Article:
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How to lower your sugar intake

Enough with the sugar-coating: We’re consuming too much of the sweet stuff. Here’s how to dial it back

Fess Up
Think your sugar intake is under control? It’s likely not, if you’re drinking frappuccinos or eating anything from ketchup, which is one-third sugar, to cold cuts. Statistics Canada pegs our sugar intake at more than double the recommended limit. And while you shouldn’t avoid healthy foods that contain natural sugars, such as fruits and vegetables, many of us are loading up on refined sugars and empty calories, totally devoid of vitamins and minerals. Our sugar highs are contributing to obesity, tooth decay and the onset of diabetes and cardiovascular disease. Not to mention that refined sugar wreaks havoc on our appetites – and our waistlines – by causing our blood-sugar levels to rise and fall rapidly, making us hungrier and more prone to binges.

Clue in to the culprits
Even if you steer clear of sprinkles and frosting, sugar lurks in some unexpected places. Once you start looking, “the number of grams of sugar in products can be surprising,” says the Winnipeg-based dietitian Gina Sunderland, who outs canned tomato sauce, baked beans, packaged soup and salad dressing, and even cough syrup. She advises comparing the nutritional labels of different brands before you buy and seeking out no-sugar-added versions of your favourite products. And don’t be fooled into thinking that a fat-free diet is also a sugar-free one. “It’s one of the biggest myths,” confirms Sunderland. Take a one-serving container of fat-free yogourt, for instance: It can contain as much as 14 grams of sugar, about the amount in a cup of pop.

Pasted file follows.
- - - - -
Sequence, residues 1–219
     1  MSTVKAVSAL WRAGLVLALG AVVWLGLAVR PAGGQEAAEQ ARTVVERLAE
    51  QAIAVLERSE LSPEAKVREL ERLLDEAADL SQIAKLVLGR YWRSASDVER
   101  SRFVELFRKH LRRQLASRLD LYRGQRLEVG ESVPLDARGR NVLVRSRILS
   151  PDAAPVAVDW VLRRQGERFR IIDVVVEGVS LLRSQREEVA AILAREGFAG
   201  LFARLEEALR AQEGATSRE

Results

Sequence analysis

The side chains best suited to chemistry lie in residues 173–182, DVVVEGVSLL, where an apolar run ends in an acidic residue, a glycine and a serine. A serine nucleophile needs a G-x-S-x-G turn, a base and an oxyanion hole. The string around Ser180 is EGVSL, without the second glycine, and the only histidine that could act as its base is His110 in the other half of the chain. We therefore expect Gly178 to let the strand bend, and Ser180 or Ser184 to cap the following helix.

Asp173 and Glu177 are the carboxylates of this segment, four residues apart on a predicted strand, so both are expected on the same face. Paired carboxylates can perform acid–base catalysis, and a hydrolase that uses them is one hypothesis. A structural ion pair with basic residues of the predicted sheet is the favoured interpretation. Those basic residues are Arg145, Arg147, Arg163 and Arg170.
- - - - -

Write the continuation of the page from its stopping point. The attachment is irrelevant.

Know your “-ose”
Sugar has many aliases: fructose, sucrose, dextrose, glucose and maltose, not to mention corn syrup, a combo of fructose and glucose. And although a few packaged foods are sweetened with the natural stuff, such as applesauce and honey, most contain refined sugar in disguise. “If the first three or four ingredients on a food label end in ‘-ose,’ you can count on a high sugar content,” says Sunderland. Zero-cal artificial sweeteners, such as aspartame, saccharin and xylitol, aren’t a healthy alternative: They flummox your metabolism, which
could make you fatter, one study found.

Kill the buzz
Researchers have proven that sugar is addictive: A Princeton University study found that eating sugar triggers the brain’s pleasure receptors and that rats on a high-sugar diet showed signs of withdrawal, such as anxiety, after only a short time without the sweetener. The only way to lower your sugar intake is to change your habits. Instead of going cold turkey, try adding club soda to fruit juice or combining plain yogourt with your favourite fruit yogourt for a not-so-sweet treat, suggests Kim Arrey, a dietitian in Montreal. Even the sugar in your coffee or tea counts, so try cutting it in half. It might take time to train your palate, but your body will thank you for making the switch.